Dundee’s children and families services convener has been accused of “rank complacency” over the local authority’s struggle to recruit science and maths teachers.
Figures compiled by the Royal Society of Edinburgh revealed schools across the city are struggling to recruit teachers for STEM (science, technology, engineering and maths) subjects.
In other parts of Scotland, such as Blaigowrie and Edinburgh, parents with expertise in maths have even been asked to help at schools.
The figures revealed a number of schools did not have enough physics teachers while Baldragon Academy has not been able to recruit the number of maths and chemistry teachers it deems necessary.
Children and families services convener Gregor Murray said Dundee was doing “much better” than other councils when it comes to teacher recruitment and that the shortage of STEM teachers is a national issue.
But Labour Lochee councillor Michael Marra said the convener is being complacent about the statistics.
He said: “The reaction of the SNP administration to these figures is frankly mind-bending.
“Any pupil, parent or teacher reading that there is currently ‘no disruption to pupils’ learning’ will wonder what schools, in what city, the SNP is talking about.
“This rank complacency, incompetence in fact, is appalling but of no surprise.”
Mr Marra said he believes the shortage of STEM teaches is going to get worse as more leave the profession.
He said: “I believe that the situation could in fact be significantly worse than this patchwork mess of half completed figures describes.
“Maths at Baldragon is being taught by 4.8 full-time equivalent teachers – not the 5.4 figure which would be bad enough in itself. I also know that that figure is about to get worse rather than better as teachers leave the classroom due to chronic over-crowding in classes and associated indiscipline.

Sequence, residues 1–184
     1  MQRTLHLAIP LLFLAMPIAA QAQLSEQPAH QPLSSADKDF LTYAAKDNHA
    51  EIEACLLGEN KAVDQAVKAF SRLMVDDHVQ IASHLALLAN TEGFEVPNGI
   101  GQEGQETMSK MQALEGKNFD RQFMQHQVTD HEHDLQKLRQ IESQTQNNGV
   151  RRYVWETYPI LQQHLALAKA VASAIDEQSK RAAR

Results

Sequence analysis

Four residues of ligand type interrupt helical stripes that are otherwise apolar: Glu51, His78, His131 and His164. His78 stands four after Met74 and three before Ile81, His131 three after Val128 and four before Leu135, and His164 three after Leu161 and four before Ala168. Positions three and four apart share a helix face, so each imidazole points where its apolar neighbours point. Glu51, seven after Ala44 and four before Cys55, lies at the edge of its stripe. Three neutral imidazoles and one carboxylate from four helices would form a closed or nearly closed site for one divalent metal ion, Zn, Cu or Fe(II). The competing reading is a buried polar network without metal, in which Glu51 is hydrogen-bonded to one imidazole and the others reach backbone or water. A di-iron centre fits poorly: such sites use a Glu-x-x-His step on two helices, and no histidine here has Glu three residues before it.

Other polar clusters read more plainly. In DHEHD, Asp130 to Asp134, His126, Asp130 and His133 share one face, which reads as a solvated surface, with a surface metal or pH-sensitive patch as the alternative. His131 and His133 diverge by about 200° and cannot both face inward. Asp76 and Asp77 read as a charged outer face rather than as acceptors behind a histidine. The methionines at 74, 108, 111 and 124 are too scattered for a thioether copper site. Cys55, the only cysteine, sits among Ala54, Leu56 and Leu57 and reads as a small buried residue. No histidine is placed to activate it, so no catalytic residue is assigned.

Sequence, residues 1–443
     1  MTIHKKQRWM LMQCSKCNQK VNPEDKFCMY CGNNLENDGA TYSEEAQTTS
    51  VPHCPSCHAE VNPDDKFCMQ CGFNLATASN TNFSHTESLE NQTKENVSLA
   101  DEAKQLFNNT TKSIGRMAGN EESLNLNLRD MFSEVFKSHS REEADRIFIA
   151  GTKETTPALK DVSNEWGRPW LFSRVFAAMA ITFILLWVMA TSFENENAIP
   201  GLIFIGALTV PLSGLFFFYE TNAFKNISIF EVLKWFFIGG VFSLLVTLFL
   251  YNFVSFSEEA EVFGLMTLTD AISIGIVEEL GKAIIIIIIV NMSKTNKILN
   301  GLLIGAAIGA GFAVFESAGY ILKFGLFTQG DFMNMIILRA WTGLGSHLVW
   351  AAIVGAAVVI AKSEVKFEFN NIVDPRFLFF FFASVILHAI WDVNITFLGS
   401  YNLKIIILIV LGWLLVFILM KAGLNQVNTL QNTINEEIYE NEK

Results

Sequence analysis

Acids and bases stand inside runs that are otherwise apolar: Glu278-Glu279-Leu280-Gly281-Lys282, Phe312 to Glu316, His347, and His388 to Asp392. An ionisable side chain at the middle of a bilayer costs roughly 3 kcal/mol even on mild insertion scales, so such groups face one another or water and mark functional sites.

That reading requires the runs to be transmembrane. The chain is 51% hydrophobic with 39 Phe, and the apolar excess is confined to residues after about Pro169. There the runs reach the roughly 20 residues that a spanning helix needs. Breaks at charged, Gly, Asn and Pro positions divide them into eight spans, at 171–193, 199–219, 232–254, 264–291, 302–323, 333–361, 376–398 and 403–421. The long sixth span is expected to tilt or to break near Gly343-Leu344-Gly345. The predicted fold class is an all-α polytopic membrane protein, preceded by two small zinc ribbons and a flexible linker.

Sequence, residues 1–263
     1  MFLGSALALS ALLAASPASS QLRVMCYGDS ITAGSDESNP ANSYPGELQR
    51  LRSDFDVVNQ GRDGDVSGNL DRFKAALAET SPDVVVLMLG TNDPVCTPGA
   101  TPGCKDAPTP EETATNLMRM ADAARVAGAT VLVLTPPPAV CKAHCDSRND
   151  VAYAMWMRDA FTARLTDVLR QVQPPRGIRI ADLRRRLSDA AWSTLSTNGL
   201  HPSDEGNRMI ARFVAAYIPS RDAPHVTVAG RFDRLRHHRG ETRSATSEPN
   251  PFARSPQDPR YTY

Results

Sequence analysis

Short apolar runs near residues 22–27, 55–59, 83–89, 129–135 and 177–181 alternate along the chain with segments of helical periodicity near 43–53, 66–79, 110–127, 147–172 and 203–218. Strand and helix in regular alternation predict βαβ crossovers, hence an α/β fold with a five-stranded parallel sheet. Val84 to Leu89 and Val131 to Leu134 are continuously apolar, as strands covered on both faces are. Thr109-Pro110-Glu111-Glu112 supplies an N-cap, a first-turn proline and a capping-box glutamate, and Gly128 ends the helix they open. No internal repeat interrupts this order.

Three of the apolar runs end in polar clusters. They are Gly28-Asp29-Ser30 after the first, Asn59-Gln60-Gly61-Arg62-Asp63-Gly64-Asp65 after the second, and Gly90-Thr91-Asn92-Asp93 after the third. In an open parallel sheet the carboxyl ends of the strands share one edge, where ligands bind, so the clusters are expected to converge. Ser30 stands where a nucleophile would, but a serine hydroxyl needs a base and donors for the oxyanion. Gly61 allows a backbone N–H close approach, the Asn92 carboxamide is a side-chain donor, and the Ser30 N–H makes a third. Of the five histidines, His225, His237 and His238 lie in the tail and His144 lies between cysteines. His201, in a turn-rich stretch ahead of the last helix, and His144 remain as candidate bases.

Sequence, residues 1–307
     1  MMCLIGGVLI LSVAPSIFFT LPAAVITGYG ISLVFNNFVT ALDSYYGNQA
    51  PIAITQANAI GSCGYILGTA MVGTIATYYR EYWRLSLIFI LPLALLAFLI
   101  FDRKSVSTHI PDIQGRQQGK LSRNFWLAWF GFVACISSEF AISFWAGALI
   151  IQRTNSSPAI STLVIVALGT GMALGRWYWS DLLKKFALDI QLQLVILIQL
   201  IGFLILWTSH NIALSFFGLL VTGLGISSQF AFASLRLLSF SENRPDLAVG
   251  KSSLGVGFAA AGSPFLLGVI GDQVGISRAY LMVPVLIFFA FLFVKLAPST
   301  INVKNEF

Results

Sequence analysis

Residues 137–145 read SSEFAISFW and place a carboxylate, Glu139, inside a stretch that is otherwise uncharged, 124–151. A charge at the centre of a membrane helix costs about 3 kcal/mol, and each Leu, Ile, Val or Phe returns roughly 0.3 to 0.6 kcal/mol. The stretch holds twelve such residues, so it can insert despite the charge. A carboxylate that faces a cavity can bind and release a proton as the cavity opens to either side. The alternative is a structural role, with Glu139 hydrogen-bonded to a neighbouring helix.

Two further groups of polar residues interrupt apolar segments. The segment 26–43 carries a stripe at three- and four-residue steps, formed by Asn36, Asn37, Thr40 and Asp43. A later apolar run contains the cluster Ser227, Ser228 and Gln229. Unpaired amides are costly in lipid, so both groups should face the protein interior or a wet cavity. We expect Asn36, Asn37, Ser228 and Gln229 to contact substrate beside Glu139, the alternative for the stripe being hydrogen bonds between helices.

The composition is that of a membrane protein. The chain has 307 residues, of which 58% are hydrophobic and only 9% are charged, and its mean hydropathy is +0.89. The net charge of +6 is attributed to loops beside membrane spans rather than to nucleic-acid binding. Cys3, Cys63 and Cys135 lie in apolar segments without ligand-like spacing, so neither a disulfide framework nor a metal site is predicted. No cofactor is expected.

“What we are being told is that nothing more can be done. That the administration is ‘doing well’. That this is a ‘global’ issue.
“People are fed up of this rubbish. We could start by addressing the working conditions teachers face. What is being done to reduce workload? That is a contractual obligation from the council but there is no evidence of it happening.
“What is being done to ensure better discipline? This would help hugely with recruitment. Where is the plan to ensure Dundee children get the education they have a right to?”
Mr Marra said the SNP Scottish Government at Holyrood, which has been in power since 2007, has overseen a “national crisis” in Scotland’s classrooms.
Gregor Murray vehemently denied the accusation of complacency, saying: “Nothing could be further from the truth – perhaps that shows how little Councillor Marra knows of the fantastic work being done across the city to ensure we have posts filled.
“We are continuing to improve, and are doing better than other local authorities. We are not, and will never be, complacent. We continue to advertise and work on recruitment.
“We will also continue to work with colleagues in COSLA, in the Scottish Government and our Universities to ensure that these places are filled.”
Dundee University has launched a new fast-track course to held address the shortage of STEM teachers.
The year-long course allows would-be teachers to earn a probationer’s salary of £22,400 while they train.